This is no time to hang Labour

Neal Lawson replies to Anthony Barnett.

Anthony Barnett's article reminded me of that old Socialist Workers Party slogan, "Neither Washington nor Moscow, but international socialism", reincarnated as "Neither Cameron nor Brown, but a hung parliament". David Marquand has already reminded NS readers ("Let 'em hang? Not so fast", 22 March) that someone will form a majority or minority government, and that that person will either be David Cameron or Gordon Brown.

So, we have real choices to make. For reasons that everyone already knows very well -- be they to do with Europe, or the economy, or public services, or the voting system -- people should vote to stop the Tories getting a sniff of power. Once that is done, but only then, new opportunities will abound. But anything short of that, and it won't be readers of this magazine in the main who will suffer, but the people least able to defend themselves against the deluge of Tory cuts that will surely follow.

There are two things wrong with our politics. Barnett alludes to both, but never quite nails either, and crucially fails to connect them. The first is market fundamentalism; the second is its alter ego, state fundamentalism. The former sees society as a subset of the economy, and leads not just to increasing inequality, but to a debasement of what it means to be human and a diminution of the public realm.

It also leads, paradoxically, to a new form of state fundamentalism, geared to policing the free market and clearing up the social and economic mess that it causes. In this way, it provides modern politicians with a reason for existing: if they refuse to manage the market, they can at least manage us.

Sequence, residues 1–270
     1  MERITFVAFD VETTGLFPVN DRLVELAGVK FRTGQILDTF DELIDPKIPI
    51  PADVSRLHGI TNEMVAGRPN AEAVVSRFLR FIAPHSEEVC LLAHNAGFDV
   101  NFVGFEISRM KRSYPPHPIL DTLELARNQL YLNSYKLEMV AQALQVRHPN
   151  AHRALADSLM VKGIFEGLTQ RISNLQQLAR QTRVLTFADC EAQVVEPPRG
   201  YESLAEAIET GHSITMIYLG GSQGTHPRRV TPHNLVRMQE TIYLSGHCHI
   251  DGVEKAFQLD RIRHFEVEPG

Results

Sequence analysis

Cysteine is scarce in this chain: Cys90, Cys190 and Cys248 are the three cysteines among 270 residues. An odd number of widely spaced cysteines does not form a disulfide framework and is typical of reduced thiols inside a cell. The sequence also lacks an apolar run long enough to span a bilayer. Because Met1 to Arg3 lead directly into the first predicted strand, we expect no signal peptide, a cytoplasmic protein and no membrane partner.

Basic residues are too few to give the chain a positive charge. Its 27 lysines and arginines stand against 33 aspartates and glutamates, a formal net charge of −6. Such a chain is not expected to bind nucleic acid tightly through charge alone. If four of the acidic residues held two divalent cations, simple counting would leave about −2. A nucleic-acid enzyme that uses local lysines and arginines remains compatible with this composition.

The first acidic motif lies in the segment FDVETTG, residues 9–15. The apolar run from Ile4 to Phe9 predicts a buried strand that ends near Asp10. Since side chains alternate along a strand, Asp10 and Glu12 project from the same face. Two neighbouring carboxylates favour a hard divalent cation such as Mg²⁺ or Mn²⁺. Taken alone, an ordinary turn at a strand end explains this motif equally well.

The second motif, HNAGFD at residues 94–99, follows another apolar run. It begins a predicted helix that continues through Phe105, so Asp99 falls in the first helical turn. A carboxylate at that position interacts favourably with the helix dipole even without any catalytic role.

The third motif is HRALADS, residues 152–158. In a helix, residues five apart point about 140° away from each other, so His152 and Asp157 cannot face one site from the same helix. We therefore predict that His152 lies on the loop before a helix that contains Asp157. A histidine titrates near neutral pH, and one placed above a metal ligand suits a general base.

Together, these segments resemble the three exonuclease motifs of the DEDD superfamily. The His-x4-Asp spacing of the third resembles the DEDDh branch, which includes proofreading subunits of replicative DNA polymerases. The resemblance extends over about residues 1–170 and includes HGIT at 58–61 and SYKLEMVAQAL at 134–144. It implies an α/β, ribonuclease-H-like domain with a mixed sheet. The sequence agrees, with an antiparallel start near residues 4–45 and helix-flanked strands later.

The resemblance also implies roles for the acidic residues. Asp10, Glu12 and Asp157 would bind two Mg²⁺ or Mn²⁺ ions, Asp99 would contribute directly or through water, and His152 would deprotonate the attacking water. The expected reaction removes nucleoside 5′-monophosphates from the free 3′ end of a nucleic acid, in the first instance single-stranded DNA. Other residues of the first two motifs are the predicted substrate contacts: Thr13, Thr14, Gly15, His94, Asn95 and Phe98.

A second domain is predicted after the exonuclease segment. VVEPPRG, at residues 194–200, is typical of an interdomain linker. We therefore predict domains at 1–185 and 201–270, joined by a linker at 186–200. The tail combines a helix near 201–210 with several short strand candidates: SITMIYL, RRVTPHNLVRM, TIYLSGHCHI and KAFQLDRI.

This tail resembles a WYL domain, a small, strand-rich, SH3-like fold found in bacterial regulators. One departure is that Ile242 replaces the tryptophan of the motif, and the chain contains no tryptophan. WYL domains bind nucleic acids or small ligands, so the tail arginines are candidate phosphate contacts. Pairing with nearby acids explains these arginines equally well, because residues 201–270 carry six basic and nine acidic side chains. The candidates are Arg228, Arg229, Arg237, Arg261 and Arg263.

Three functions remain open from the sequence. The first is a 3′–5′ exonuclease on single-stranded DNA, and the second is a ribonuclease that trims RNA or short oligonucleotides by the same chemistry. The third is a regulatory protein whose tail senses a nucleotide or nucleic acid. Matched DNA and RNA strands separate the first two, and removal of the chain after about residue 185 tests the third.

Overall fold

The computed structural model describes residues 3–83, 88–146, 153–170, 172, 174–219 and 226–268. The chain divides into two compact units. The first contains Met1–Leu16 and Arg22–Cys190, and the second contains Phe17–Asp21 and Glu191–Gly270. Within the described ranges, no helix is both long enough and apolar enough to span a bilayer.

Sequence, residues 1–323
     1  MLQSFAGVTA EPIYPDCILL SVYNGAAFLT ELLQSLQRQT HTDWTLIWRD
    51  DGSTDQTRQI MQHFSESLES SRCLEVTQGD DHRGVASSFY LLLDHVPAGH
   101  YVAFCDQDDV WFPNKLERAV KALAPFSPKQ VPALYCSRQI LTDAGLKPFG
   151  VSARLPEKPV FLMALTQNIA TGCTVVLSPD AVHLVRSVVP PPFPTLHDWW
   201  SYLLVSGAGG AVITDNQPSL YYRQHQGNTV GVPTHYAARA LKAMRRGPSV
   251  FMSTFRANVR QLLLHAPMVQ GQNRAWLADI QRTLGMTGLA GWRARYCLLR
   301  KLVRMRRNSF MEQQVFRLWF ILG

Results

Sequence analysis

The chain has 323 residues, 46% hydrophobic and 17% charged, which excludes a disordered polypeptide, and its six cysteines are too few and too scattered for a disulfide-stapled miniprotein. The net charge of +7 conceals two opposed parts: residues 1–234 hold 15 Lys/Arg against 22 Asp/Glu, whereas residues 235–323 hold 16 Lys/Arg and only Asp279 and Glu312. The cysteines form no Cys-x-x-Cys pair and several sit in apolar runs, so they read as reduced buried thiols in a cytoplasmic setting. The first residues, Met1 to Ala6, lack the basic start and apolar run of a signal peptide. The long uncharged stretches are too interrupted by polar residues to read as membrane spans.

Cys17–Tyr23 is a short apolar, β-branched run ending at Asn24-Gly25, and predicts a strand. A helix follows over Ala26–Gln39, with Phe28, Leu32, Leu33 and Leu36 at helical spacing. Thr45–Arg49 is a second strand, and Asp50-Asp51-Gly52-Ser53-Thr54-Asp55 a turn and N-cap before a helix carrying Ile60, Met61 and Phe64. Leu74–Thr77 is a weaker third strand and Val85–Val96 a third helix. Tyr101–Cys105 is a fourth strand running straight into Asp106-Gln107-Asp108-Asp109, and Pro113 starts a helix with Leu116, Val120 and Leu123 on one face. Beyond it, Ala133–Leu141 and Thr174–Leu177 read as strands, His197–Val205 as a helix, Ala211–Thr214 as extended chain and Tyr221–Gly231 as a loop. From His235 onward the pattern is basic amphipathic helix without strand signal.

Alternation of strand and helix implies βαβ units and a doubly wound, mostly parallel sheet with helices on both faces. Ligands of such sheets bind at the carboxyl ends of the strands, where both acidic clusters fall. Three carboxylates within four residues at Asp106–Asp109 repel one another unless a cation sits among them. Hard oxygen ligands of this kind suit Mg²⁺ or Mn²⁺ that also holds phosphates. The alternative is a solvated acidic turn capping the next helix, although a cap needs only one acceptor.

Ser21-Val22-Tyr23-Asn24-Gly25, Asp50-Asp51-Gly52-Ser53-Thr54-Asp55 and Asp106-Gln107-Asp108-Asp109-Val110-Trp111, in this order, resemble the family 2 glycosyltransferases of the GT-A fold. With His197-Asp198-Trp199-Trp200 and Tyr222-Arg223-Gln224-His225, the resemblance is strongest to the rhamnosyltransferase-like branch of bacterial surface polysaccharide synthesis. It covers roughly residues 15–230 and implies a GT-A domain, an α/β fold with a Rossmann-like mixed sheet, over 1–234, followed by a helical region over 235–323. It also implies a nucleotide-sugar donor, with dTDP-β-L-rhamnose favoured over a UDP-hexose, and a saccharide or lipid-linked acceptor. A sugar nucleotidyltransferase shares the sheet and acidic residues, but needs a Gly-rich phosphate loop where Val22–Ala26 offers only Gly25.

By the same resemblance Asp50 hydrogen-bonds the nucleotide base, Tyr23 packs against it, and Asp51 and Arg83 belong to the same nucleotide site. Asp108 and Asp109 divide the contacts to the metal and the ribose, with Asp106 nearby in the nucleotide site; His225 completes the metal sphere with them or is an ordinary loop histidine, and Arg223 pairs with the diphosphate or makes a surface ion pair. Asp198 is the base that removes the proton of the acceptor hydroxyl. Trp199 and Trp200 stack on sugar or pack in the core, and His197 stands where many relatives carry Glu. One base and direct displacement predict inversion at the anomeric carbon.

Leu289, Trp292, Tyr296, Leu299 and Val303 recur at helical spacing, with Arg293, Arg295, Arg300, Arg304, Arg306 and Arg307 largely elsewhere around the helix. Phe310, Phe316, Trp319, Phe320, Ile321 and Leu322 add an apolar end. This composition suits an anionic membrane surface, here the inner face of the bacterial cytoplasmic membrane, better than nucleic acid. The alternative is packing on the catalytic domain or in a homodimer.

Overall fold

Getting out of this mess demands more than a hung parliament. It demands a realignment of progressive forces into a campsite of centre-left parties that keep their autonomy, but are bound by a set of values. Those values are a commitment to a more sustainable and equal society through a democratic revolution in our political, economic and social institutions. In this unfolding pluralist project, a transformed Labour Party is a necessary but insufficient vehicle for our politics.

Yes, we have to capture the state to democratise it so that it becomes the people's state; but we also need alliances with a range of other parties and campaigning forces if we are to prise open the grip that market and state fundamentalists have on it. I understand and share Barnett's frustration with New Labour and Gordon Brown. Yet we should also be frustrated with ourselves for failing to build the ideas and organisation that could create something better. As the polls show time and again, the people are ahead of Labour, and we have to break the mould of British politics.

However, that is not going to be achieved by placing a noose around the Tories' neck and Labour's, too. Even the Socialist Worker has told its readers to vote Labour -- albeit with no illusions.

Neal Lawson is chair of Compass and the author of "All Consuming" (Penguin, £10.99)

This article appears in this week's New Statesman.

Neal Lawson is chair of the pressure group Compass, which brings together progressives from all parties and none. His views on internal Labour matters are personal ones. 

This article first appeared in the 29 March 2010 issue of the New Statesman, Hold on tight!

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Rarely has it mattered so little if Manchester United won; rarely has it been so special they did

Team's Europa League victory offers chance for sorely needed celebration of a city's spirit.